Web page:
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Best of Alan Krigman

Gaming Guru

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Why Casinos May Earn Less from High than Low Rollers

30 August 2006

Say you enter a casino with $100. What do the bosses expect you to leave behind? The whole $100, or less? And, if less, do they consider you a better, worse, or equivalent patron betting $10 or $25 per coup? The devil is in the detail of how you gamble.

Say you go for broke, playing until you win $900 or lose $100. Many folks believe the casino would figure them for $100 profit minus a small luck factor, ascribing the effect to house edge.

But, imagine a gamble with no edge. The casino has 90 percent chance of getting your $100. Your shot at winning $900 before this occurs is the other 10 percent. The house breaks even.

Here's why. Suppose that 100 people each buy-in at the no-edge game for $100. They play until they win $900 or go broke. On the average, 10 will succeed -- winning $900 each for a total of $9,000. The other 90 will lose $100 each for a total of $9,000. That's $9,000 in and $9,000 out. Nothing is left for the casino.

With an edge, the casino gets a share as well. Envision it by pretending the game is blackjack, with everyone following perfect Basic Strategy. The house advantage is half a percent.

When bets are a flat $10 per round, this edge cuts the chance of winning $900 before losing $100 from 10 to under 7 percent. On the average, of 100 players, seven will therefore win $900 and 93 will lose $100. Winners take away $900 x 7 or $6,300 and losers leave $100 x 93 or $9,300. The bosses earn the $3,000 difference, so each of the 100 bettors looks like $30 to the casino.

What if everything remains the same except that bets are $25 per round? The chance of victory becomes 9 percent and that of defeat 91 percent. On the average, $900 x 9 or $8,100 then flows out the door while 91 x $100 or $9,100 stays; the joint keeps the $1,000 difference. Each of the 100 $25 bettors represents a theoretical profit of $10 to the casino.

The disparity arises because the solid citizens with $100 stakes need longer either to hit their profit targets or go belly-up betting $10 than $25 per round. And, taking longer, the $10 players will end up betting in more rounds and having a larger gross wager or "handle" on which the edge takes its toll. To explore this counter-intuitive phenomenon, $10 bettors being worth more to the bosses than their $25 counterparts, work back through the edge and casino "take" to the handle.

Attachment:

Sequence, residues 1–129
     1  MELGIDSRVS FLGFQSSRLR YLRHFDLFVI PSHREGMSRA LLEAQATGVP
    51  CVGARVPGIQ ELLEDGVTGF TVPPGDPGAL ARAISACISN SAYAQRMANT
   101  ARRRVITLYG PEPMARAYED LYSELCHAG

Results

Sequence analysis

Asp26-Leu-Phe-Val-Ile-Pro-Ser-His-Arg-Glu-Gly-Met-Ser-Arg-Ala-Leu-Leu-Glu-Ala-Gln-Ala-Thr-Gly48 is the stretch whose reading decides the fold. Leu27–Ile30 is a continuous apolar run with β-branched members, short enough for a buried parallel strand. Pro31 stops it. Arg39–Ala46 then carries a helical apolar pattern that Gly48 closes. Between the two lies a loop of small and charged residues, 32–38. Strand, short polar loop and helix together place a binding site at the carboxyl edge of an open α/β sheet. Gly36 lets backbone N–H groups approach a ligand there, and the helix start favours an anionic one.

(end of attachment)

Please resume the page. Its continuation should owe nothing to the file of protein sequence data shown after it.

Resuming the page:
For the house to average $3,000 at half a percent edge, the gross wager would have to be $3,000/0.005 or $600,000. At $10 per round, this is 60,000 rounds -- an average of 600 rounds and $6,000 handle for each of the 100 players. For the casino to earn $1,000 at the same edge, the handle would have to be $1,000/0.005 or $200,000. At $25 per round, this is 8,000 rounds -- an average of 80 rounds and $2,000 handle for each of the 100 players.

A higher edge with all else being equal would lower the likelihood of winning the $900 before losing $100 even further. It would also raise the expected earnings from each player.

Rising from 0.5 to 1 percent edge, prospects of prosperity for $10 players fall from 7 to 4 percent. At 1 percent, an average of four winners would accordingly grab $900 x 4 or $3,600 while 96 losers would kiss $100 x 96 or $9,600 goodbye. The casino would earn the $6,000 difference, $60 per person. Similarly for the $25 bettors, probability of success drops from 9 to 8 percent. On the average, eight winners would emerge with $900 x 8 or $7,200 while 92 losers would be stripped of $100 x 92 or $9,200. The $2,000 difference would be the casino's commission, $20 per player.

Alternate exit strategies would yield other results. But the underlying theme would still be that neither bankroll nor bet size alone are good indicators of a player's monetary worth to a casino. They may even lead to pampering the wrong people. As the songster, Sumner A Ingmark, surely suspected when he scribbled:

Conclusions falsely prejudicial,
Arise from data superficial.

Alan Krigman

Alan Krigman was a weekly syndicated newspaper gaming columnist and Editor & Publisher of Winning Ways, a monthly newsletter for casino aficionados. His columns focused on gambling probability and statistics. He passed away in October, 2013.
Alan Krigman
Alan Krigman was a weekly syndicated newspaper gaming columnist and Editor & Publisher of Winning Ways, a monthly newsletter for casino aficionados. His columns focused on gambling probability and statistics. He passed away in October, 2013.